Punks, not dead
Carlos Ezquerra’s art is essentially caricature, which made me lose my bearings when I first saw it, back while obsessed with the slanty panels and alarming trousers of George Pérez. Now the upsides are much clearer, especially when the style gets buoyed up by current production standards and Ezquerra’s recent design habits — those are two serious characters up there, especially the one on the right who has a lifetime of heroism and agony ahead of her. For Tripwire I read the new Cadet Anderson: Teenage Kyx collection from 2000AD, which didn’t make me change my dim view of prequel stories, but didn’t damage my admiration for Alan Grant either.
And: Martians invade and England prevails in Scarlet Traces, leading to a great many Victorian faces caught in flashes of fright, which happens to be one of D’Israeli’s areas of expertise.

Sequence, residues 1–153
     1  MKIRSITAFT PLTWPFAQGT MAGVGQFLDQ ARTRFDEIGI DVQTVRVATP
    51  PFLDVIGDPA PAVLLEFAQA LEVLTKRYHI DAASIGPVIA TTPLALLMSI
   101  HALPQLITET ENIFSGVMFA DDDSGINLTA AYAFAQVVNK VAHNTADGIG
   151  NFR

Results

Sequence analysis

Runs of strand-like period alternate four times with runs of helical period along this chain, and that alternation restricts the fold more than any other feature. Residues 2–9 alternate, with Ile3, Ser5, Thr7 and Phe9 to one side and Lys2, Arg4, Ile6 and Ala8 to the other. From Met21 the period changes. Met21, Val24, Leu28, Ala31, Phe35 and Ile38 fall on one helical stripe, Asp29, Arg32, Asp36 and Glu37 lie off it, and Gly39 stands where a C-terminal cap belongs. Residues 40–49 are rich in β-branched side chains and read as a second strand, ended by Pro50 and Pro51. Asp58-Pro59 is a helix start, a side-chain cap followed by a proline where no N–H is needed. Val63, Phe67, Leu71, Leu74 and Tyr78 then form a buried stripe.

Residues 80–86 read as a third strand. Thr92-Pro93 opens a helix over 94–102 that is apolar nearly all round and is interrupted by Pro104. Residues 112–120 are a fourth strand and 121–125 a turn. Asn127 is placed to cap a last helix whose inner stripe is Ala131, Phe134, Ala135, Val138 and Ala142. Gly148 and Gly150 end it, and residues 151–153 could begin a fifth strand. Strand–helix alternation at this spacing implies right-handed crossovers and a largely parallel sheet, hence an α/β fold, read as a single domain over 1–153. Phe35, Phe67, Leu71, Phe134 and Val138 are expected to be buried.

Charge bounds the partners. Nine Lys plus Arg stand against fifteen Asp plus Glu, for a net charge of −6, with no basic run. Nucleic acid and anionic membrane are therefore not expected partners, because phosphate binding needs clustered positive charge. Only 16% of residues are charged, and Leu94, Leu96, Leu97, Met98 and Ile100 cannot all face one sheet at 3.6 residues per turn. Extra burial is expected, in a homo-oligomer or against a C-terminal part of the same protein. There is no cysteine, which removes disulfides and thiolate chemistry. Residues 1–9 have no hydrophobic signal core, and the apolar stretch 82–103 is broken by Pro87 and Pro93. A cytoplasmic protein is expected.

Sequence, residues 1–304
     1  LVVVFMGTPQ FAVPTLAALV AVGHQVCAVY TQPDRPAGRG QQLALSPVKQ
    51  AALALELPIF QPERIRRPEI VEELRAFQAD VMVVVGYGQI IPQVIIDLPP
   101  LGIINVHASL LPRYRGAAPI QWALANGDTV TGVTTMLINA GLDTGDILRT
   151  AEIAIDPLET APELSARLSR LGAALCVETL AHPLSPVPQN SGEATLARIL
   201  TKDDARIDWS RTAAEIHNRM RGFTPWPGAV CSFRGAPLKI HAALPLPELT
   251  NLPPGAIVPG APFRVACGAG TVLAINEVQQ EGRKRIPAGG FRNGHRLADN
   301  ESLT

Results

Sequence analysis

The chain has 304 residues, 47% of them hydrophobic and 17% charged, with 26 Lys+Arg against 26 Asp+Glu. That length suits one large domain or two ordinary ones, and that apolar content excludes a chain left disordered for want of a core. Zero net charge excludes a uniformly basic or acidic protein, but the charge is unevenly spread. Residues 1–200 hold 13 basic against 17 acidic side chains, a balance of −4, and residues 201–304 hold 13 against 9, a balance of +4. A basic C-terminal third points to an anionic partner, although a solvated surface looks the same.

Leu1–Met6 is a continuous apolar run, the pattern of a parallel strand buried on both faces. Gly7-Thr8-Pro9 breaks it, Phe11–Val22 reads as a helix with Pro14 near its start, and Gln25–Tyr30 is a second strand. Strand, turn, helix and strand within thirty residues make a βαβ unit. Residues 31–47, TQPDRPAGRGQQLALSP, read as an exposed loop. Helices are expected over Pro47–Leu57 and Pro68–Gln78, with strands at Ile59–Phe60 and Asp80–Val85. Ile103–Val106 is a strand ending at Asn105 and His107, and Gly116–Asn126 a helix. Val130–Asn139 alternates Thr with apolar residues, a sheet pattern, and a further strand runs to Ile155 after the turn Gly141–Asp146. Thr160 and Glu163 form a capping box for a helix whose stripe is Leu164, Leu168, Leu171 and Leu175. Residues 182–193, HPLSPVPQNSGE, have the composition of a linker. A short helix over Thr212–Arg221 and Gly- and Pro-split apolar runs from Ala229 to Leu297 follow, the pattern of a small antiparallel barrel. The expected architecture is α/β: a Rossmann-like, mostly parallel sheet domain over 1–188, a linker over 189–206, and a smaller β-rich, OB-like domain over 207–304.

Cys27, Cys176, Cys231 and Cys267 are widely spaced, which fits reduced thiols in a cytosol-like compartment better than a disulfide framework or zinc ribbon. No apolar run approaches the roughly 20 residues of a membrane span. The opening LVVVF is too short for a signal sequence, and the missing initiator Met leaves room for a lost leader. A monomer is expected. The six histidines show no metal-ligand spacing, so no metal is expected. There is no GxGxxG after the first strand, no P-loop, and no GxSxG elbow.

And: several months of 1998 Judge Dredd collected in Judge Dredd: The Complete Case Files 28, some of which is smothered by the year of its creation to the point of oxygen starvation. Retrospective satire is always lumbered with knowledge of all the cyclical failures that followed — barring the odd outlier like the comic Transmetropolitan, which hovers above irrelevance on an updraught of pure dissatisfaction — so the news that Mega-City One politics includes a Liar Party prompts a muted response in light of all events on planet Earth everywhere at the time or since. On the other hand, John Wagner and Ezquerra’s close look at Judge Galen DeMarco’s workplace dilemmas is timelessly potent. Soap opera with a purpose.